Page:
How Comics and Graphic Novels Help with Kids’ Reading Growth

Plus some graphic novel recommendations.

Many parents and teachers fear that reading “graphic novels” isn’t really reading at all.

I get it. Once upon a time, my inner grumpy old man (we all have one) would see a kid reading a Batman this or Captain Underpants that, and I’d think, “Aren’t they just looking at pictures? When did comic books become actual books?”

But both my inner grump and I were wrong.

After careful and extensive investigation, I’m here to tell you that there are solid educational and brain science reasons why graphic novels can be especially beneficial to growing readers.

1. The cognitive work of assembling words and pictures into a coherent story is pretty sophisticated.

Looking at pictures is generally pretty easy. The human brain, evolutionarily speaking, has way more experience with vision than almost anything else (other than movement). Which makes sense, given that being able to look around us to see threats was a key factor in our species survival.

But looking at pictures accompanied by written language? That’s something entirely different. Written language came way later in our evolution and is much harder to learn. Add text to pictures that enriches and in some cases contradicts or complicates the images – well, suddenly the cognitive workload is much heavier.

In other words, the coordination in the brain of taking in both image and text at once and putting them together into meaning can be far more difficult than even text alone. It’s intellectual work that feels good to the brain, however, like solving an especially hard crossword puzzle.

2. Research supports words + pictures as best for growing brains.

Not surprisingly, recent research indicates that the combination of words and pictures works a special kind of magic in the language development parts of young children’s brains.

A study presented at the 2018 Pediatric Academic Societies Meeting looked at children who only heard stories with children who both heard stories and looked at accompanying pictures. While the first group did have some activity in the language parts of their brains, when they were also looking at pictures, the brain scans lit up.

Something similar happens when children read graphic novels on their own (though the oral language is replaced with written language): a beautiful coordinated symphony of story and meaning playing out in their brains.

3. Motivation. Motivation. Motivation.

Brain science aside, it’s not hard to identify perhaps the biggest reason to encourage children to pick up graphic novels if that’s what they want: motivation.

In general, if you enjoy an activity, you will continue to do it. Reading operates on the same principle. Specifically, we know that the more kids enjoy what they are reading, the more likely they will continue to read, and the better readers they will become.

Furthermore, we know that many kids really, really, really enjoy reading graphic novels.

So, if we know that reading graphic novels is just as legitimate (and in some cases harder) than reading text-only books, and children are highly motivated to read them, what’s stopping us from encouraging this format?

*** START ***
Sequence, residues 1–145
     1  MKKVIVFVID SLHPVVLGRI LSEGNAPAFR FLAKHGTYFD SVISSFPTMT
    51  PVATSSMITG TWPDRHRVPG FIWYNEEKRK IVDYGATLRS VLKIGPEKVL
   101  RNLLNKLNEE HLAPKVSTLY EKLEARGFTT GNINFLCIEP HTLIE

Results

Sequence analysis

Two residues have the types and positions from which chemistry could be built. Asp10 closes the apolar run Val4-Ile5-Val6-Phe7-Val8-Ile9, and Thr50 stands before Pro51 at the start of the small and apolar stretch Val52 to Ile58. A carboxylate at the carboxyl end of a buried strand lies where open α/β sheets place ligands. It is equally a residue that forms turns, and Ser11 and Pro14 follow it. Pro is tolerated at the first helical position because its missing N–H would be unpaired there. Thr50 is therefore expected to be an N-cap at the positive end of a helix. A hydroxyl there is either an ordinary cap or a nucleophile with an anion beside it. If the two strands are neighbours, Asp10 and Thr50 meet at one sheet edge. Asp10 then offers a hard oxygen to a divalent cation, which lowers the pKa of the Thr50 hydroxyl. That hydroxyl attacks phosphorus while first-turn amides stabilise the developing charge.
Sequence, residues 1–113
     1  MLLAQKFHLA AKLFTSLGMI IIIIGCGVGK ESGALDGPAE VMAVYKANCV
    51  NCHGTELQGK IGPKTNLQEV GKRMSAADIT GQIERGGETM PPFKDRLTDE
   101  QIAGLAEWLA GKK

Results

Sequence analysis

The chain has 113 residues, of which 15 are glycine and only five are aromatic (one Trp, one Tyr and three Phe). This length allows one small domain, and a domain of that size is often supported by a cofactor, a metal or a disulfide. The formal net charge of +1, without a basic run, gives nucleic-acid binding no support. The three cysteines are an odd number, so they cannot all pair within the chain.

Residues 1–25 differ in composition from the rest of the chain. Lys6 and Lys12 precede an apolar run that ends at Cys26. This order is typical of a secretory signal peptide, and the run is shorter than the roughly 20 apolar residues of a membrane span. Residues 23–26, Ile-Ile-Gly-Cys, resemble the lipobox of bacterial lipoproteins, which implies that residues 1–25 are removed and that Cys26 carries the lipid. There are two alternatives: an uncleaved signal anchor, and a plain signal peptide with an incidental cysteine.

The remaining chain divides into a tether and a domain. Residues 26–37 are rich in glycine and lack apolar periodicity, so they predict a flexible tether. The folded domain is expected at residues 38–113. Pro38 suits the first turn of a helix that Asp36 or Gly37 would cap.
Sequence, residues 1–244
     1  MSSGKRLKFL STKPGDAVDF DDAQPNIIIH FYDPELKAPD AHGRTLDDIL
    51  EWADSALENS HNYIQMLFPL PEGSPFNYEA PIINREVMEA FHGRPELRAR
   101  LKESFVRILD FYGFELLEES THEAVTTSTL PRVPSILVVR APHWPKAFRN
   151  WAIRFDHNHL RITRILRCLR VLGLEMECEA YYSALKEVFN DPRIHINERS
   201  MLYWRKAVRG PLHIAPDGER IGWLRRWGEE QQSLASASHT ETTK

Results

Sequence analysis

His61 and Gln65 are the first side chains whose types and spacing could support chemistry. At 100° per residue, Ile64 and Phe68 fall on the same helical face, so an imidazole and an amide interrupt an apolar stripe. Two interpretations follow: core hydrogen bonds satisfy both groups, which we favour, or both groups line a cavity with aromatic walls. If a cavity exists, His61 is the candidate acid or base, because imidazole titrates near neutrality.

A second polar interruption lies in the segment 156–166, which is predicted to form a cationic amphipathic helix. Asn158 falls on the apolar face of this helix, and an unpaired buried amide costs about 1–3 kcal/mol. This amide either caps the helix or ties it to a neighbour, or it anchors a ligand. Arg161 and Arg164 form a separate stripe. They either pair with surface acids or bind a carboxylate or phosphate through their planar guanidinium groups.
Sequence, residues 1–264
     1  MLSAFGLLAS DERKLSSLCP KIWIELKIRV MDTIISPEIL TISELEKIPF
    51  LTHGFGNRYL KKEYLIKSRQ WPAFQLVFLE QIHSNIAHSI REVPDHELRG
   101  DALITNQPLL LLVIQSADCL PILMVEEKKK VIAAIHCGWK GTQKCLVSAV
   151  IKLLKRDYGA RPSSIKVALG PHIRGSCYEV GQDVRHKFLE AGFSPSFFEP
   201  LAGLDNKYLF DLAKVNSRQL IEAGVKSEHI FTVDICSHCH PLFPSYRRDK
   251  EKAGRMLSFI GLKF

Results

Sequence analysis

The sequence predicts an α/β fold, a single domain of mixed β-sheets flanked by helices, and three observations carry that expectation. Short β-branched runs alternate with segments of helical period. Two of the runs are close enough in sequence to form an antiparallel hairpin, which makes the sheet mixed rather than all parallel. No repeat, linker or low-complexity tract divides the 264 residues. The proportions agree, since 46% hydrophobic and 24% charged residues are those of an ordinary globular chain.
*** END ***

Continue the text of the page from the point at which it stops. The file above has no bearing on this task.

Just the Books, Please

Now that you’re fully on board with graphic novels, here are some suggestions for different ages and stages:

Birth to Pre-K

Pretty much any picture book can be classified as a “graphic novel” for this age, but this picture book series incorporates talk bubbles in a particularly graphic-novel way that will help emergent readers with graphic novels when they are ready for them:

I Don’t Want to Be a Frog!, I Don’t Want to Be Big!, and There’s Nothing To Do! series written by Dev Petty and illustrated by Mike Boldt

Beginning Readers

The “Balloon Toons” series (various authors and illustrators) is an excellent gateway to graphic novels for beginning readers who are still working out sound-letter correspondence, and they will feel very grown-up for reading their very own graphic novels!

Read Together or Older Readers

El Deafo, written and illustrated by Cece Bell is a graphic novel memoir about what happened when Bell lost most of her hearing as a child. It combines a realistic story with some superhero elements. You may want to read this one with your child because of the many discussion opportunities it brings up related to fairness and friendships.

Recess Warriors series written and illustrated by Marcus Emerson is funny, fast, and highly imaginative – both girls and boys will enjoy.

A Statement About Graphic Novels from the American Library Association and the National Coalition Against Censorship:

Combining visual art (a sense of space, mass, motion, and color) with literary and cinematic techniques (plot, point of view, character development, metaphor, allegory, flashbacks and flashforwards, speeding and slowing time, close-ups, long views, stream of consciousness, montage, etc.) graphic novels contain some of the most creative work in publishing today. They promote visual and verbal literacy, as well as love of reading. A good collection of graphic novels appeals to young people who might otherwise be reluctant to explore the library. 

Categories: Books and Literacy